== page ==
This decision was followed by a similar move by the government of New Zealand. Top breast cancer specialists Ismail Jatoi and Michael Baum from London’s Royal Marsden Hospital wrote a special feature labelling American doctors giving mammograms to the under 50s “negligent” because it can often do more harm than good (BMJ, 4 December 1993).

But even among the over 50s, there is no conclusive evidence that mammographic screening is doing any good. In the much quoted Swedish overview, which medicine has used as proof that screening works, the researchers came up with their figure by pooling all the results of three bands of age groups the 40-49 year olds, 50-69 year olds and 70-74 year olds into an overview. Although the study showed a positive benefit (29 per cent reduction in mortality) among the 50s, there was no significant benefit among those in their40s or 70s.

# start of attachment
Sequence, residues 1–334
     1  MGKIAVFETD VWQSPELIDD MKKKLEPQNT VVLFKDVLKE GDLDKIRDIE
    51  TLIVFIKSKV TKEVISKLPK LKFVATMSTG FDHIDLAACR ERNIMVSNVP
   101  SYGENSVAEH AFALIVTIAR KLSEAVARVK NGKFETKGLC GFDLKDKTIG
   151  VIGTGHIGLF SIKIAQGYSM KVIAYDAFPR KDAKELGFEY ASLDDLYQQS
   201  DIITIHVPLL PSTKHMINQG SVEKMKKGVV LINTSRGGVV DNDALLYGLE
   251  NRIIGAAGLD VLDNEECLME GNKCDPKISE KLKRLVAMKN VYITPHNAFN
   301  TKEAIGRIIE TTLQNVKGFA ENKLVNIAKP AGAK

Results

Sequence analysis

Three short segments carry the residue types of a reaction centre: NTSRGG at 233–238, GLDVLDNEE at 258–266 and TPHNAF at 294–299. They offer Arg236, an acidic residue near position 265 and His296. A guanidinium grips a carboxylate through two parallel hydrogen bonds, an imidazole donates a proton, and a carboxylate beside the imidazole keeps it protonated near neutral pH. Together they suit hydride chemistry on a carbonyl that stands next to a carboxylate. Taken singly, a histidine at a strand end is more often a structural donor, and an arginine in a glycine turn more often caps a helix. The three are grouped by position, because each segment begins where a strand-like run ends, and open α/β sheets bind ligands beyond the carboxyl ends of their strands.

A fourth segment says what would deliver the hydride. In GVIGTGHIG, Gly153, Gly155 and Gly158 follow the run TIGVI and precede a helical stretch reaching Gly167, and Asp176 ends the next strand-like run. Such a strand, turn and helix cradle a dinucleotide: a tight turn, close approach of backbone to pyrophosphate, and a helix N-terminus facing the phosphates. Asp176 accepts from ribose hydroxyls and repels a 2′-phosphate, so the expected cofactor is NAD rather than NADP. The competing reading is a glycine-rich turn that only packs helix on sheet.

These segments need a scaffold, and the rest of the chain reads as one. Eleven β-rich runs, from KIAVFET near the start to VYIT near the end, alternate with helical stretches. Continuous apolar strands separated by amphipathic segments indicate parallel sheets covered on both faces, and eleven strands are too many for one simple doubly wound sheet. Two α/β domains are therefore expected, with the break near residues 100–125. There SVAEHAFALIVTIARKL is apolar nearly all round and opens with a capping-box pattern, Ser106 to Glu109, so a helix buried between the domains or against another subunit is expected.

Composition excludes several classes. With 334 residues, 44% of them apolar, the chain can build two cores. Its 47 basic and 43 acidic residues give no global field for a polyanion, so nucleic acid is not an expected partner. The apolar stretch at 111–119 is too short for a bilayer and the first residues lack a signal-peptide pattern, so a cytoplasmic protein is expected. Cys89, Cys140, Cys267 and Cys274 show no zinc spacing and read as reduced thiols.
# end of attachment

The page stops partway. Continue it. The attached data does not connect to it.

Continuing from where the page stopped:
However, when you actually examine the statistics and science behind them, this is the only study to show clear benefit, even among the 50s. The 30 per cent improved survival figure being bandied about by medicine may also derive from several articles which have looked at all the studies of screening; although most studies did not show a clear benefit, the articles concluded that those that were most scientific, or “randomized” (that is, women assigned randomly to either screening groups or controls) all proved benefit (BMJ, 4 May 1991).